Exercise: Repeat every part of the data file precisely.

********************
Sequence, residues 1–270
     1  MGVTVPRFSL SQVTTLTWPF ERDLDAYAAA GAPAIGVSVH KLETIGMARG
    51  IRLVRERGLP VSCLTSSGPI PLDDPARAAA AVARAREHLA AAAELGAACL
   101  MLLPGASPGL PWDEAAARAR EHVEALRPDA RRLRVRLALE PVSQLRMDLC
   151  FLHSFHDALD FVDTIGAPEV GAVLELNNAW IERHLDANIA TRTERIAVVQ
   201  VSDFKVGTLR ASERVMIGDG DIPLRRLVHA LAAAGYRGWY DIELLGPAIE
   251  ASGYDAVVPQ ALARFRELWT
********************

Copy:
Sequence, residues 1–270
     1  MGVTVPRFSL SQVTTLTWPF ERDLDAYAAA GAPAIGVSVH KLETIGMARG
    51  IRLVRERGLP VSCLTSSGPI PLDDPARAAA AVARAREHLA AAAELGAACL
   101  MLLPGASPGL PWDEAAARAR EHVEALRPDA RRLRVRLALE PVSQLRMDLC
   151  FLHSFHDALD FVDTIGAPEV GAVLELNNAW IERHLDANIA TRTERIAVVQ
   201  VSDFKVGTLR ASERVMIGDG DIPLRRLVHA LAAAGYRGWY DIELLGPAIE
   251  ASGYDAVVPQ ALARFRELWT